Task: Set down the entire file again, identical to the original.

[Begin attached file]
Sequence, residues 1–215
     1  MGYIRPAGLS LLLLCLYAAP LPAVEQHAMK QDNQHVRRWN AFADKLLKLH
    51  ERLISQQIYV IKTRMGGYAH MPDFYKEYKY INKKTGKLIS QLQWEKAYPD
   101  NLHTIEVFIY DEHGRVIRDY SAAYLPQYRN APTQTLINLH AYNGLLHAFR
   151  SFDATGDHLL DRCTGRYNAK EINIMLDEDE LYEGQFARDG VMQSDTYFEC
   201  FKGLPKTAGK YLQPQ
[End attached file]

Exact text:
Sequence, residues 1–215
     1  MGYIRPAGLS LLLLCLYAAP LPAVEQHAMK QDNQHVRRWN AFADKLLKLH
    51  ERLISQQIYV IKTRMGGYAH MPDFYKEYKY INKKTGKLIS QLQWEKAYPD
   101  NLHTIEVFIY DEHGRVIRDY SAAYLPQYRN APTQTLINLH AYNGLLHAFR
   151  SFDATGDHLL DRCTGRYNAK EINIMLDEDE LYEGQFARDG VMQSDTYFEC
   201  FKGLPKTAGK YLQPQ